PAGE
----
• 14. CVD Risk Factor Thresholds for Use with ACSM Risk Stratification Positive Risk Factors (Table 2.2, p. 27, ACSM)
    • 15. Calculating BMI • BMI = weight in kg. / height in meters2 Weight: 180 lbs Height 5 ft. 8 in. What is the client’s BMI classification? Weight: 257 lb Height 5 ft. 9 in. What is the client’s BMI classification?
    • 16. BMI Classification
    • 17. Hypertension
    • 18. Cholesterol Classifications ClassificationClassification TCTC LDL-CLDL-C TGTG Optimal Near/above optimal 100-129 Borderline High High >240 160-189 200-499 Very High >190 >500
    • 19. HDL–C Classification Classification HDL-C Low Normal High (this is good!)
    • 20. Fasting Blood Glucose From 70 to 99 mg/dL From 100 to 125 mg/dL >126 mg/dL on more than one test
    • 21. CVD Risk Factor Thresholds for Use with ACSM Risk Stratification Negative Risk Factors (Table 2.2, p. 27, ACSM)
    • 22. How do I remember all of those risk factors?
    • 23. Case Study #1 • Bob Marley ▫ 54 year old male ▫ Cigarette smoker ▫ Brother died of MI age 55 ▫ BP: 130/82 ▫ HDL-C: 44 mg/dL ▫ TC: 188 mg/dl ▫ Fasting glucose: 112 mg/dl (verified 2x) ▫ Height: 5’7.5”; Weight: 160 lbs ▫ Light activity 3 days/week, 30 min (last 3 years) ▫ Medications: ACE-inhibitor, diuretic
    • 24. • Jane is a 46 year old female. She has a family history of breast cancer (mom was diagnosed at 47 and sister at 36). She quit smoking when she was 21. She has been walking briskly (mod) for 45 minutes, 3 days per week, for the last 6 months. Her height is 5’2” and she is 130 lbs and her waist circumference is 33”. Her cholesterol and glucose levels are all within normal range, though her HDLs are 62mg/dl. Her blood pressure is 126/88.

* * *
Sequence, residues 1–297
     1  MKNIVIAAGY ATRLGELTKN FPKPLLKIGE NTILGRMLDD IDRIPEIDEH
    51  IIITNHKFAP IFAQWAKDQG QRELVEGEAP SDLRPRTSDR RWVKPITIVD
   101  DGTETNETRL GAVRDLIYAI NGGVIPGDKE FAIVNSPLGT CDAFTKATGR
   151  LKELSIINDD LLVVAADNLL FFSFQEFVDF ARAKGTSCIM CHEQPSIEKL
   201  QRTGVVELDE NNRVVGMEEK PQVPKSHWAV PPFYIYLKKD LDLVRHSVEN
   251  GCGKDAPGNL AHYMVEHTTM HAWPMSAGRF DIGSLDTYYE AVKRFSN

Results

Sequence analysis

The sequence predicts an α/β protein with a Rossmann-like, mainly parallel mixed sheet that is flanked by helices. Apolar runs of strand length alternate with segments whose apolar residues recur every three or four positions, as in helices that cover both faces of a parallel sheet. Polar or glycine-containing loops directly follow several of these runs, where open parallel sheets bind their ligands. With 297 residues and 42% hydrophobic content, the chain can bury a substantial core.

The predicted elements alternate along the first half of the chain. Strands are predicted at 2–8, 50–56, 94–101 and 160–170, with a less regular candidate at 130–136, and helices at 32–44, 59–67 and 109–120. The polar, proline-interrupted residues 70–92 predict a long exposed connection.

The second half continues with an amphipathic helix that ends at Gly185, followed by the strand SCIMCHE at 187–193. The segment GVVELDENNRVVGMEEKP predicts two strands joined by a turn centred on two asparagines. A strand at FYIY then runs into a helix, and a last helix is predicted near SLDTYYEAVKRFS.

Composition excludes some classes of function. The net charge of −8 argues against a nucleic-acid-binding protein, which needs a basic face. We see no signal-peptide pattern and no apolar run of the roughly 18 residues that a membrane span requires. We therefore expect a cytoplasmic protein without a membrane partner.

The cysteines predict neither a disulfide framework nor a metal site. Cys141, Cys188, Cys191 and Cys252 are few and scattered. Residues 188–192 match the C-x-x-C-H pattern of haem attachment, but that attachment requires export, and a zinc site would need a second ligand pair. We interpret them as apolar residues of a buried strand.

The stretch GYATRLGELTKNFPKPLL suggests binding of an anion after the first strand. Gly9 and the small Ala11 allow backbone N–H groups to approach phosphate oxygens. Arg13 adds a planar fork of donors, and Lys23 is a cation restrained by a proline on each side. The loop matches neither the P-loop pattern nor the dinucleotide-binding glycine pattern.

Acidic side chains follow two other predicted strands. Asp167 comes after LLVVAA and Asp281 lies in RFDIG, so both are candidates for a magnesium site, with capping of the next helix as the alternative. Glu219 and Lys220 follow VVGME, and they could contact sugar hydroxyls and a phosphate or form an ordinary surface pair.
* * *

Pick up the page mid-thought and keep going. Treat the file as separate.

• 25. Medications • Blood pressure control ** ▫ Diuretics ▫ Beta-blockers ▫ ACE Inhibitors ▫ Angiotensin II receptor blockers ▫ Calcium channel blockers ▫ Vasodilators ▫ Nitrates • Asthma ** ▫ Oral or inhaled bronchodilators • Glycemic control ▫ Biguanides (Metformin, Glucophage) ▫ Alpha-glucosidase inhibitors (Precose, Glyset) ▫ Sulfonylureas (Glucotrol, Amaryl) • Cholesterol lowering ▫ Statins (Lipitor, Zocor, Provachol) ▫ Nicotinic acid (Niacin) ▫ Fibrates • Thyroid ** ▫ Thyroid hormone medicine, levothyroxine sodium (Synthroid, Levoxyl, or Levothroid)
    • 26. Medications • Beta blocker (BP) ▫ Decrease force of contraction ▫ Decrease cardiac workload ▫ Decrease demand for O2 in myocardium • Nitrates (BP) ▫ Vasodilator ▫ Decrease preload and cardiac workload • Ca2+ channel blockers (BP) ▫ Prevent vasoconstriction ▫ Prevent coronary artery spasm ▫ Increase O2 supply to myocardium • Diuretic (BP) ▫ Increase H2O excretion ▫ Decrease blood volume • Ace inhibitor (BP) ▫ Prevent vasoconstriction ▫ Prevent H20 retention ▫ Decrease blood volume
    • 27. Medications Meds HR BP Beta Blocker Nitrate Calcium Channel Blocker Diuretics Ace Inhibitors Bronchodilators Thyroid meds Nicotine
    • 28. Table 2.1 ACSM Risk Stratification Categories for Atherosclerotic CVD (Figure 2.4 ACSM p. 28)
    • 29. • CVD, pulmonary, or metabolic disease ▫ CVD: Coronary, peripheral vascular, or cerebrovascular disease ▫ Pulmonary: COPD, asthma, interstitial lung disease, cystic fibrosis ▫ Metabolic: diabetes (I or II), thyroid disorders, renal, or liver disease Cardiovascular, Pulmonary, and Metabolic Disease - - HIGH RISK!